Students Shoot For Olympics

Harvard students are more known for their academic prowess than their athletic achievement. But a small group of Harvard students who have aspirations of competing in the 1996 Olympic Games in Atlanta, Georgia next summer have taken great steps toward debunking that perception.

Harvard students will be going for the gold in track, crew, laser sailing, fencing, diving and ballroom dancing in the next year.

"When I think back on college, I'll probably think of lab and rowing," says senior Olympic hopeful Ollie Rando.

The "lab" part of Rando's college experience garnered him a perfect score on his MCATs. The score helped him get accepted at Stanford University's M.D.-Ph.D. program where Rando hopes he will build the foundation for a successful career in research.

The "rowing" aspect of Rando's Harvard career many land him at the Olympics in crew.

Olympic rowing consists of several "sweep" and "sculling" events. Rando it more accustomed to the sweep style of rowing, which requires the rower to handle only one oar, because he has practiced the technique during his four undergraduate years at Harvard.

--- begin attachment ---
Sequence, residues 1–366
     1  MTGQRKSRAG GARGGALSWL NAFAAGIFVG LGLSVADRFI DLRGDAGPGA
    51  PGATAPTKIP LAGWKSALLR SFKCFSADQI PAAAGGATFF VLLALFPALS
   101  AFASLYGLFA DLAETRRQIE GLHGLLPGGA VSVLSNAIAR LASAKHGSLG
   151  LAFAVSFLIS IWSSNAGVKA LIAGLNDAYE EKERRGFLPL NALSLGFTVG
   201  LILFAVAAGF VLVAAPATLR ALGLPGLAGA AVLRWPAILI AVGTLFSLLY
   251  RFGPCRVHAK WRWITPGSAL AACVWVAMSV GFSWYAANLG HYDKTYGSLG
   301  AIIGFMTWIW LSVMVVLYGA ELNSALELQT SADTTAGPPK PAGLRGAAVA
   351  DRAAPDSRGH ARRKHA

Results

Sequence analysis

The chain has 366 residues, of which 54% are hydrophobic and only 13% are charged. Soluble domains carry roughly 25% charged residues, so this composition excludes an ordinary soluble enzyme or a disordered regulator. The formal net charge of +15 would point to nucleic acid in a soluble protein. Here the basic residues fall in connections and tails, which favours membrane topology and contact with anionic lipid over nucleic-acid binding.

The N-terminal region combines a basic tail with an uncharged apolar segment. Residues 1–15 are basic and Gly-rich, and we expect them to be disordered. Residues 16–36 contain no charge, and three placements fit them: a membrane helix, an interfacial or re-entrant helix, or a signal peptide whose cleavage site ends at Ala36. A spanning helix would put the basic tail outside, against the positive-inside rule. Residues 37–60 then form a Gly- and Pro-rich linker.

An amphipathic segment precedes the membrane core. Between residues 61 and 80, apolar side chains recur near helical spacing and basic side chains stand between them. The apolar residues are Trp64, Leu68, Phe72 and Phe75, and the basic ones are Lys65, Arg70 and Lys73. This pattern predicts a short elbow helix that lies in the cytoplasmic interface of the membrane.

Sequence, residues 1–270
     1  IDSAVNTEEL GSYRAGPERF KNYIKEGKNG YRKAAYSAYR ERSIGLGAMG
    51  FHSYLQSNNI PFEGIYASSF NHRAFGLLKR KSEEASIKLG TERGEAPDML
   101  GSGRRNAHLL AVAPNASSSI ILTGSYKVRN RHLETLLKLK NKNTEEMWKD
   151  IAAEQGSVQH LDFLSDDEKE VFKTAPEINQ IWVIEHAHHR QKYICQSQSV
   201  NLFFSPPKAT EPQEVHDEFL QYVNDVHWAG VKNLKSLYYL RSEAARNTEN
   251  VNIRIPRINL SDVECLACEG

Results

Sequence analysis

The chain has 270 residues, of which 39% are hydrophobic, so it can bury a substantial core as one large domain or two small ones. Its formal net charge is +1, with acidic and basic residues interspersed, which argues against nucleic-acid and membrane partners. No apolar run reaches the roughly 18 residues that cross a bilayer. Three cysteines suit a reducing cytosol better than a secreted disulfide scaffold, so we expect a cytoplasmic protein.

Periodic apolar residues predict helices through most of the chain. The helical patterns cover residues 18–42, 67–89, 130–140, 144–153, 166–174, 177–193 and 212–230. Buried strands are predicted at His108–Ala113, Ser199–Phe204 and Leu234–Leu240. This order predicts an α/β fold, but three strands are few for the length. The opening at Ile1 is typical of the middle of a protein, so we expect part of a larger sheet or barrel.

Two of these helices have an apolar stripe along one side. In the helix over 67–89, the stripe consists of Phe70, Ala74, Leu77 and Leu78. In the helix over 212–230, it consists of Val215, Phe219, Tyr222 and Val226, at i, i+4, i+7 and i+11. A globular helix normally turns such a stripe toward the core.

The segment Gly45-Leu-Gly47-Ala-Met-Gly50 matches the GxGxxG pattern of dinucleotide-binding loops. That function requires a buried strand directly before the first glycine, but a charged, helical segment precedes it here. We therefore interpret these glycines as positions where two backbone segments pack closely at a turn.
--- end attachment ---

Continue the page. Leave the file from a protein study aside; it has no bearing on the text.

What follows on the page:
Rando, along with his current teammate, senior Nick Peterson, hope that they will be able to win a place on the Olympic squad in the straight pair event.

Peterson and Rando were both on the Harvard team that lost to Brown by one second in the national championship race last year. Both say that even though they lost, the race is among the highlights of their crew careers.

Rando describes the "hell" of a crew race in a very matter of fact way: "It's sort of a blur of lactic acid and adrenaline. You start out very up close to maximum lactic acid build-up and try to hold," Rando says.

In addition to Rando and Peterson, senior Sara Simmons may also vie for a chance to compete in the Olympics.

Simmons says she has been "embarrassed" by recent rumors swirling that say she may be going to the Olympics because, realistically, her chances are small.

She will also have to switch from sweep rowing to sculling if she wants a spot on the Olympic team.

"The most talented oarswomen can make the switch, but its difficult," Simmons says.

Because of the transition, Simmons says that her chances of making the 1996 Olympics are slim, although she may have a better chance in 2000.

"I think for me, rowing is all about just gutting it out one on one," Simmons says. "A North-eastern coach compared it to going into battle."